[Kenya] CMA admits CDSC to its Regulatory Sandbox
The Capital Markets Authority (CMA) has admitted the Central Depository and Settlement Corporation (CDSC) to the Regulatory Sandbox to test its proposed screen-based Securities Lending and Borrowing (SLB) platform for a period of five months from 07 April 2020.
The CMA Acting Chief Executive, Mr. Wyckliffe Shamiah, lauded CDSC for their contribution to enhancing liquidity in the capital markets through their SLB model, which has enormous potential, if successful.
Mr. Shamiah observed, ‘’Making the Kenyan capital markets vibrant and liquid is a key priority for the capital markets industry, which is aligned to the ambitions of the Regulatory Sandbox to facilitate this through innovative solutions’’. While the Capital Markets (Securities Lending, Borrowing and Short-Selling) Regulations 2017 envisages a bilateral model of SLB, the test of the Screen-based model will ensure that any investor can perform an SLB transaction through approved Central Depository Agents. If the test is successful, the current Securities Lending and Borrowing Regulations will be amended to include the screen-based model and address other issues which have hampered the uptake of the bilateral SLB product.
Mr. Shamiah added that the CDSC initiative is aligned to the Authority’s mandate of promoting the development of Kenya’s capital market to be an investment destination of choice through facilitative regulation and innovation anchored in the Strategic Plan (2018-2023) and the Capital Market Master Plan (2014-2023).
CDSC is the fourth firm to be admitted to the Regulatory Sandbox. Others include Innova Limited and Pezesha Africa Limited. Innova is testing its cloud-based data analytics platform, while Pezesha is testing an internet-based crowd-funding platform through which investors can provide loan facilities for Small and Medium Enterprises.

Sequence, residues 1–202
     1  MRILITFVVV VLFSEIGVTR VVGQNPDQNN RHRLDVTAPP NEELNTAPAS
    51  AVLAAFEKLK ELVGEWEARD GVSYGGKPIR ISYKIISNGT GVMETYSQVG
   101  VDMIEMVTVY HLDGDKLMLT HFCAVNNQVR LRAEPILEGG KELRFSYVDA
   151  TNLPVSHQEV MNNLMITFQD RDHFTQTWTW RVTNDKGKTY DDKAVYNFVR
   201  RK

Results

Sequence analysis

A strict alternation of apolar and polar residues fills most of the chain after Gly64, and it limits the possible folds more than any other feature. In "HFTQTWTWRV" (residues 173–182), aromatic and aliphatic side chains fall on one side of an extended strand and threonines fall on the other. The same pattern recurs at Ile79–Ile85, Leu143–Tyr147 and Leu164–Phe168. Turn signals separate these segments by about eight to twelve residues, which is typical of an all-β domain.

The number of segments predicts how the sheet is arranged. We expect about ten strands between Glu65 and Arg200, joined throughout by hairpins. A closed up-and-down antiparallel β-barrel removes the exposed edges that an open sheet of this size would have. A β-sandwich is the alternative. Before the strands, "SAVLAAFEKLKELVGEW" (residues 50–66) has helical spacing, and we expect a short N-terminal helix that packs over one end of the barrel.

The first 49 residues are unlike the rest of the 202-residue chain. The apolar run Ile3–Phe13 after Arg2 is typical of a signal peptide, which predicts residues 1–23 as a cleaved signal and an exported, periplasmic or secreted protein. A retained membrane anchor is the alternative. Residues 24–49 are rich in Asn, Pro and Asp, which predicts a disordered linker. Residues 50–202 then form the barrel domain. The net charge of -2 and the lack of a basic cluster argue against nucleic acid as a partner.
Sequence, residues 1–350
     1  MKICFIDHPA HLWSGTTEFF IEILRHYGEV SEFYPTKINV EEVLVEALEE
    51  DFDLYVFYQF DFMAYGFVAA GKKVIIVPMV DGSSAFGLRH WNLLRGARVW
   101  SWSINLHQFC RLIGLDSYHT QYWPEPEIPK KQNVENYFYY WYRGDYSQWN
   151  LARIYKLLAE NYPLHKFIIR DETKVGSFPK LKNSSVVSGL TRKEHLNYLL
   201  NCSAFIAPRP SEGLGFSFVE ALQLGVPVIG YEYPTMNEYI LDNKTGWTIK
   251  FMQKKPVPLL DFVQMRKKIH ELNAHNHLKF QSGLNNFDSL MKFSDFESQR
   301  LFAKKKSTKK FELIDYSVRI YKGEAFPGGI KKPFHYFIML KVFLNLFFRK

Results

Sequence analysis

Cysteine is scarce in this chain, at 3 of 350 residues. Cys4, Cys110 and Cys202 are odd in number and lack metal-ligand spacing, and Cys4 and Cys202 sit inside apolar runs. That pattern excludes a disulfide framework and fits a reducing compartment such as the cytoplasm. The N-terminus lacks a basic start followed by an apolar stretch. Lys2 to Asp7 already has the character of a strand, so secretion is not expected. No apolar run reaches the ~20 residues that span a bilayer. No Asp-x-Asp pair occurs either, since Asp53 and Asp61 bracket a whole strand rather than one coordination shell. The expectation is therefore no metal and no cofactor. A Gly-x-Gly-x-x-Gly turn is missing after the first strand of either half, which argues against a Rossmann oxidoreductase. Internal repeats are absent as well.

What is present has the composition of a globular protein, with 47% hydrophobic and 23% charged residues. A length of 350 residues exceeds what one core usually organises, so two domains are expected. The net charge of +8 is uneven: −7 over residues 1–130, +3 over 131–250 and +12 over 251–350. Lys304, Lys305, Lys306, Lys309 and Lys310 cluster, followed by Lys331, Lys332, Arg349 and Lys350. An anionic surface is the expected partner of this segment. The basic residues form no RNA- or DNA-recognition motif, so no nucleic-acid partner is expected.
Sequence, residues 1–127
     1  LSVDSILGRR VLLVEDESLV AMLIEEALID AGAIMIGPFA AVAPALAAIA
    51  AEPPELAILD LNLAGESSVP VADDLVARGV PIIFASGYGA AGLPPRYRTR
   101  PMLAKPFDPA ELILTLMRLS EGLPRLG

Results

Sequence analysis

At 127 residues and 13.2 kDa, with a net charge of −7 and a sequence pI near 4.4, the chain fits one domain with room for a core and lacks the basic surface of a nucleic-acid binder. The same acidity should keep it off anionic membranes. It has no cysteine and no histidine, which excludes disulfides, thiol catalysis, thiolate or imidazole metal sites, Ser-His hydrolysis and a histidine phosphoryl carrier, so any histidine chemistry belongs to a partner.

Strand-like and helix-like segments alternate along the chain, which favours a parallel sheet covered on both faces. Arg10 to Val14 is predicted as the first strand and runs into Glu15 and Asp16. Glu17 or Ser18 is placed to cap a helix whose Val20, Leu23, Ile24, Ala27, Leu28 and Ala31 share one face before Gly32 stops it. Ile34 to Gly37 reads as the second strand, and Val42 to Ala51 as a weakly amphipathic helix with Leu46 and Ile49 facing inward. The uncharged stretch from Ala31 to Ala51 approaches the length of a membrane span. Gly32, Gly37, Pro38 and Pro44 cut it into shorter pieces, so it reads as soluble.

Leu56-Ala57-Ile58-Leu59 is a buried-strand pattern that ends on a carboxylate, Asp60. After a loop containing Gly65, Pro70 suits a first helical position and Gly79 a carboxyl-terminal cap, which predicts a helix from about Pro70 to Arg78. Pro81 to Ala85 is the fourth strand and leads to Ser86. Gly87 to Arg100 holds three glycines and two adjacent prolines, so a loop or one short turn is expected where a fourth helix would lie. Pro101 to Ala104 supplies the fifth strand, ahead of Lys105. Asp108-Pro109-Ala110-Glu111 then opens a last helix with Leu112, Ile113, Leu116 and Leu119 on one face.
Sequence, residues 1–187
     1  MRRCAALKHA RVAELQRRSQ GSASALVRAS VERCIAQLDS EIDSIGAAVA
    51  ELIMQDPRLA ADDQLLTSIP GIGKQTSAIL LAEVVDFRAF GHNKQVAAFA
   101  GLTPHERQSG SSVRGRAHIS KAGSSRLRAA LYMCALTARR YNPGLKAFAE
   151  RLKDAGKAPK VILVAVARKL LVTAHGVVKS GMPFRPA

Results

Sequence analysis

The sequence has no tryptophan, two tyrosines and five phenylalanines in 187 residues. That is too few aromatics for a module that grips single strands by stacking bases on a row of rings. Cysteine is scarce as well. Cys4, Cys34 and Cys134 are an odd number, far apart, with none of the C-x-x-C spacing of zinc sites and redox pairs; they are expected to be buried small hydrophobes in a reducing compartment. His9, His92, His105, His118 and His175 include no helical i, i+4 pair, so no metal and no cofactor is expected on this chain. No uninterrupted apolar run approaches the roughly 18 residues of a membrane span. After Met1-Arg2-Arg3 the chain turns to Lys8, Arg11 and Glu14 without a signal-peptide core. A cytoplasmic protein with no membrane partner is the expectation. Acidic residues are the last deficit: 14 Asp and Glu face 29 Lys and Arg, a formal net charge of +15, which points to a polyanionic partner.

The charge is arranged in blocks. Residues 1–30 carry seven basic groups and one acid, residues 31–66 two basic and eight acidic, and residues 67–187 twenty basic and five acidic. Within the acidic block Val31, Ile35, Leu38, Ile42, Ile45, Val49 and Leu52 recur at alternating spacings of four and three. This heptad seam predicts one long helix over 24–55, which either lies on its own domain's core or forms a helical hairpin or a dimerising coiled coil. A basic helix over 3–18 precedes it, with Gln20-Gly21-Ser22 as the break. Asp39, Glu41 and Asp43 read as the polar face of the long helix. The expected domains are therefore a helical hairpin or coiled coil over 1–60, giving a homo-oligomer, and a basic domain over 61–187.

‘’The Regulatory Sandbox allows live testing of innovations under a less onerous regulatory regime and is expected to attract fintech companies and existing capital markets licensees to test the application of technology to financial services’’, added Mr. Shamiah.
Sandbox participants are required to comply with minimum regulatory requirements prescribed by the Regulatory Sandbox Policy Guidance Note (PGN) such as submission of test plans, which outline key test objectives, testing metrics, performance indicators, safeguards and remedial measures for test clients.
The Regulatory Sandbox was facilitated through approval of the PGN in March 2019, which indicates that the Authority can revoke or suspend an approval to participate in the Regulatory Sandbox at any time before the end of the test period and can take enforcement action against a participant in breach of the regulatory requirements.
Upon exit from the Sandbox, participants could be granted a license or approval to operate in Kenya subject to compliance with existing legal and regulatory requirements. The Authority may in the alternative grant permission to operate in Kenya subject to compliance with the terms of a letter of no objection. Mr. Shamiah observed, ‘‘where there is need for a broader legal or regulatory reform, we may adopt new regulations, guidelines or notices pursuant to Section 12 and 12A of the Capital Markets Act, based on insights gained from the Regulatory Sandbox test.’’ A denial of permission to operate in Kenya under prevailing legal and regulatory requirements may also be issued.
The Regulatory Sandbox is not an incubation center, physical or virtual space. It is not applicable for proposed products, services or business models that are already addressed under existing laws and regulations.